Often, students have “such a sense of relief that we’ll just level with them with what is going on,” Rohdenburg said.

She said she sees a lot of anxiety from male students that if they’re having sexual contact, “girls will change their mind, she’s going to call him a rapist . . . there’s a fear that could happen to anyone.”

For the girls, there are even more questions.

“I think girls worry a lot about how to navigate” sexual contact, Rohdenburg said. “You can’t say no, you can’t say yes, how do I say no without being mean.”

Rohdenburg said her goal in talking to students is not to scare them into asking for consent, but instead giving them context and reminding them that having open communication with any partner is key to building a healthy relationship.

“It’s not fair that we’re putting people in a position to mind-read,” she said.

No clear standard

Across the country and the state, the kind of sex education a student receives in school varies widely depending on where you live.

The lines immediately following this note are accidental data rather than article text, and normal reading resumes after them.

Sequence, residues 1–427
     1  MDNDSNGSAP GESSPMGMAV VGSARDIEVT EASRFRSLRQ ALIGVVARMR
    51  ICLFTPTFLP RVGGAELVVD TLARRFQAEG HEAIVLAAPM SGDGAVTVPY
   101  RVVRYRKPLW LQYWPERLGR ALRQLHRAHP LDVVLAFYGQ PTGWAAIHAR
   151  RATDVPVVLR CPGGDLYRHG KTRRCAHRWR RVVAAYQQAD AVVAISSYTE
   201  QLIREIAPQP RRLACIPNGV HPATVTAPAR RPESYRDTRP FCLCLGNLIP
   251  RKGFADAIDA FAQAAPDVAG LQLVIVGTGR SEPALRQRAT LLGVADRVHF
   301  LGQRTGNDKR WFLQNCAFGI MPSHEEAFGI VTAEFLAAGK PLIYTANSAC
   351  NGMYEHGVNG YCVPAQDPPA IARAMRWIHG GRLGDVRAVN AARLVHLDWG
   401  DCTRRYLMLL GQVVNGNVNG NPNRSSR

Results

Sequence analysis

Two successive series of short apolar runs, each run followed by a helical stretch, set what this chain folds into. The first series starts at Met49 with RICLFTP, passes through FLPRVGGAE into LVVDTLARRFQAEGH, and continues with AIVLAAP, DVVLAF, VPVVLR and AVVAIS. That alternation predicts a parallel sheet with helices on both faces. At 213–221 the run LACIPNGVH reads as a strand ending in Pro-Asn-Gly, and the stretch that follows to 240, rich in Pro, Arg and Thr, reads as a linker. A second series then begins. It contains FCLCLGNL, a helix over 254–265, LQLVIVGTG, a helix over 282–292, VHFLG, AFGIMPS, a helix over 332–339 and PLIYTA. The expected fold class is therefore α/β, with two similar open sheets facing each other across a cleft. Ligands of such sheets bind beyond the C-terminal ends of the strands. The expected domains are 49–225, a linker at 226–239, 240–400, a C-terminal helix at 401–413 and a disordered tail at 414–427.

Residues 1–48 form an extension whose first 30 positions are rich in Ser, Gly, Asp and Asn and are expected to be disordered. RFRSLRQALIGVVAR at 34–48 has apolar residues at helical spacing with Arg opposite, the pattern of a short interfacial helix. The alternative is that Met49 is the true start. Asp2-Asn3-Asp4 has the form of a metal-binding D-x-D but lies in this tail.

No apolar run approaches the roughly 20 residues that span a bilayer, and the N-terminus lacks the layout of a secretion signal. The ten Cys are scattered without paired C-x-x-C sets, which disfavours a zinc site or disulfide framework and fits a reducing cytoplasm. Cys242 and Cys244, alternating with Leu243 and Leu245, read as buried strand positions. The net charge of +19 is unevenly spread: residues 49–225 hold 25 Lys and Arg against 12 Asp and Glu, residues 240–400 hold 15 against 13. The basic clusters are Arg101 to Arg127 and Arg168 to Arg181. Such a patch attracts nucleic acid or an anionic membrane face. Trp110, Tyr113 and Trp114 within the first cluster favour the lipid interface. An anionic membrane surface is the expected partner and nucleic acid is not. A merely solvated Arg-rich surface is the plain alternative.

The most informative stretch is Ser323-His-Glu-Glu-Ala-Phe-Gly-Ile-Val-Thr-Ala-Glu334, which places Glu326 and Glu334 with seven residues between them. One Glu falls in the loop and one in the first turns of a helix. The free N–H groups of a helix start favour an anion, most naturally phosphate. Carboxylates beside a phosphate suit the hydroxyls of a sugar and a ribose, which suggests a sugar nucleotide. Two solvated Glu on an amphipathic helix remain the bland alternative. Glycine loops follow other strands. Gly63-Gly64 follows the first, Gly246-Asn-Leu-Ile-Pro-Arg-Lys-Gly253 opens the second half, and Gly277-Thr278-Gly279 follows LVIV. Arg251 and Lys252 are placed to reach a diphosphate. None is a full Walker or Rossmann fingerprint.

The New Hampshire Department of Education’s minimum standards for public school approval include teaching students “family life and comprehensive sexuality education, including instruction relative to abstinence and sexually transmitted infections.”

There is no standard relating to consent or sexual assault, and individual districts and schools have a lot of leeway to decide what they want to teach students.

“People don’t like us to get in their business that much,” said Heather Gage, director of the Division of Educational Improvement for the N.H. Department of Education. “We have a lot of local governance in that concern.”

Nationally, the numbers of states mandating comprehensive sex ed for students varies widely: 22 states and the District of Columbia require public schools to teach the topic, and 19 require that information students are taught is “medically or factually accurate.”

Still, the topic of consent is clearly on the minds of some legislators.

Recently, a number of states have introduced legislation that, if passed, would incorporate education about sexual assault and healthy relationships into the state’s health curriculum.